Skip to content

Reboot Your Career With a Computer Support Specialist Associate Degree

Last updated on December 8, 2017

Thinking about a career change? IT jobs in Texas are in high demand, particularly as organizations continuously upgrade hardware, software and network equipment in order to keep up with quickly changing technology demands. But where do you fit into all that? Keep reading to learn more about how an education in Computer Information Technology can help reboot your career.

What a Computer Support Specialist Does

Personal computer support specialists install computer hardware and software, interpret and resolve problems for users and provide technical support for hardware, software and systems. Successful computer support specialists are patient and sympathetic, as they are often dealing with frustrated users. They also have listening skills to help them understand the problem at hand and use problem-solving skills to fix it. They may also need to describe solutions to technical issues in layman’s terms so that clients can easily understand them.

Brookhaven College student Mihai Stanciu wants to pursue a career in PC support
Brookhaven College student Mihai Stanciu wants to pursue a career in PC support.

“This is a field where you have to practice,” Brookhaven student Mihai Stanciu said. “You have to understand how the commands work and how they all connect and work together – which actually goes into trouble shooting. If you don’t understand how things work, you’ll be going around in circles. That’s why we spend so much time reviewing.”

How Much Do Computer Support Specialists Make?

Computer user supports specialists in North Texas make an average starting salary of about $27,000. These careers are on the rise, too — the Bureau of Labor Statistics projects 10 percent growth nationally for these jobs from 2016 to 2026, which is faster than the average for all occupations. North Texas alone expects almost six percent job growth over the next three years. Last but not least, the U.S. News and World Report ranked computer support specialist jobs #60 on their 100 Best Jobs list, for their appealing mix of salary, job market, future growth, stress levels and work/life balance.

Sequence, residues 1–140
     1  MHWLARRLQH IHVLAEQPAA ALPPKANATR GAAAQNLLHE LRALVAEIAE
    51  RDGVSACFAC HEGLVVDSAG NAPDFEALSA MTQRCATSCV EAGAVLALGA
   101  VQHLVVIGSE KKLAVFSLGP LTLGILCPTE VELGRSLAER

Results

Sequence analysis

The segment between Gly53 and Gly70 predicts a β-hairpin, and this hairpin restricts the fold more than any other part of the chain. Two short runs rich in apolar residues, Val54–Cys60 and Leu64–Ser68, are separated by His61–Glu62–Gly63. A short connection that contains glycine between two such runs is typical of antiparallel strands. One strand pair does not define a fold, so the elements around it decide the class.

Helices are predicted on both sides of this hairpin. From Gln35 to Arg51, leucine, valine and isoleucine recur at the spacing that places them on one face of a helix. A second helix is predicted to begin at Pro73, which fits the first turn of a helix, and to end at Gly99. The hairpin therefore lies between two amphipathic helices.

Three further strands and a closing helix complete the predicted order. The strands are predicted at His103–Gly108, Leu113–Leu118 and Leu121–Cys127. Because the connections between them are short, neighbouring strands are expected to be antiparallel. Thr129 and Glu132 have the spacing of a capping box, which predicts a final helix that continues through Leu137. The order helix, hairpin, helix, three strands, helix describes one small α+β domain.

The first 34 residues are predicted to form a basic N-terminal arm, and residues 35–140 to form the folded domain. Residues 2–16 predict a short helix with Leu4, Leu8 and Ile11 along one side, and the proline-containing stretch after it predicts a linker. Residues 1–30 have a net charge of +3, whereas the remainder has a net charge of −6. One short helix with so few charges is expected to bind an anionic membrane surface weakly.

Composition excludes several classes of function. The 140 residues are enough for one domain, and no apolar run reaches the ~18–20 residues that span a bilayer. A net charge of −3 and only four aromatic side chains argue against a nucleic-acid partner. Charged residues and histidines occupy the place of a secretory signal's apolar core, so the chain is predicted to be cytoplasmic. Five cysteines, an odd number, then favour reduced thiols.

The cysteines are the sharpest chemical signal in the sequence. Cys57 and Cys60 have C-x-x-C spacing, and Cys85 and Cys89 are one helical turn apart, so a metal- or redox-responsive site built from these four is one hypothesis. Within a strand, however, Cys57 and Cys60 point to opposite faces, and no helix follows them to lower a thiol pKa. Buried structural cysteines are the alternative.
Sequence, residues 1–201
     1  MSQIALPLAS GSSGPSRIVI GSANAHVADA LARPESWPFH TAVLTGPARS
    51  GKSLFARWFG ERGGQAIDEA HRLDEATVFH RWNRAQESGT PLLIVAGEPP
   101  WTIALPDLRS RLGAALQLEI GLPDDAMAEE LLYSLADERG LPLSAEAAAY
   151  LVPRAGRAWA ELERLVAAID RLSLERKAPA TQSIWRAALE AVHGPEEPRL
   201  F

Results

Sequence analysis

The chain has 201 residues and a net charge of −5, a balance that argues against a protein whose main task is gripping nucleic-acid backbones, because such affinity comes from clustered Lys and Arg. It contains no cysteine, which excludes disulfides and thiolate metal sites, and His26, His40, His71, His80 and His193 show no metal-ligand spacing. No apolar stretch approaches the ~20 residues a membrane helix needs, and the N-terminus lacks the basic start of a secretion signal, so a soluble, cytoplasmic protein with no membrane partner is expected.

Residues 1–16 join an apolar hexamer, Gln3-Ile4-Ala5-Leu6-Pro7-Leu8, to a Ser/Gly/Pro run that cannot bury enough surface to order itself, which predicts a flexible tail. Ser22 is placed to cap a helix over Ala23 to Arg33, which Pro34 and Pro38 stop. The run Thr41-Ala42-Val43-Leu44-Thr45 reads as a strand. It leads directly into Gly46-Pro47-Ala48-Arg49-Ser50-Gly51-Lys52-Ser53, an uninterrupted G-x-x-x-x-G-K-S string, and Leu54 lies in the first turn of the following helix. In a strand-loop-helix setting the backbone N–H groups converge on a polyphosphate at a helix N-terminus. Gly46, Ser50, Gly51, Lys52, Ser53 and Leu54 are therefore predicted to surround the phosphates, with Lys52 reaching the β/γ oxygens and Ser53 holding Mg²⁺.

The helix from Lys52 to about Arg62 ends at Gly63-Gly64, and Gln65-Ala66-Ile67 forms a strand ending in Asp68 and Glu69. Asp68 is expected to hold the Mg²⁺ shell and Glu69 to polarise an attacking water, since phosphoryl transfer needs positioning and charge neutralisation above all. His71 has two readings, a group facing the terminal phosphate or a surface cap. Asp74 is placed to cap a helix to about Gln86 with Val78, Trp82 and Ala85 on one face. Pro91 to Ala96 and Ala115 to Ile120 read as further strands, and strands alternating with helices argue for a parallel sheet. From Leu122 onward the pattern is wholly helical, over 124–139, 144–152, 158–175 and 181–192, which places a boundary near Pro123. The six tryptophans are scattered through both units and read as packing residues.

Most computer support specialists have full-time work schedules — but that doesn’t mean it’s your typical 9-to-5. Because IT support is essential for many businesses to function, off-hours availability may be required on an as-needed basis.

Apply Now to Become a DCCCD Student

How to Become a Computer Support Specialist

“We always need networking professionals. Right now, there are more jobs than there are people training in security. We’ve seen (the number of students in) our security classes go up. The more dependent we become on computers, the more we need security experts,” said Charles Cadenhead, who teaches networking and PC support at Brookhaven.

There is no one “best degree” for computer support specialists. Standards vary by company, but many employers assess candidates based on overall competency rather than having a particular degree. For the purposes of long-term advancement, you may eventually want to consider a bachelor’s or other advanced degree. But if you want to start work sooner rather than later, these degrees and certificates at Dallas Community Colleges are designed for direct entry into the workforce and many can be completed in one year or less:

DFW hosts one-third of all high-tech jobs in the state of Texas. (Source: Dallas Regional Chamber.)
DID YOU KNOW? DFW hosts one-third of all high-tech jobs in the state of Texas. (Source: Dallas Regional Chamber.)

Students who are considering a degree or certificate in computer information or PC technical support can be sure of many things: televisions, smartphones and computers all need service, and many problems can be accessed and managed remotely. That means a technician can complete a task as harrowing as deleting a virus and never come to a customer’s house or office.

However, most companies will not outsource their computer experts, which can mean long-term job security. “Companies do not want to trust their corporate secrets to people outside the company,” Cadenhead explained. “They’re going to want people in-house.”

Other Information and Resources

Published inPrograms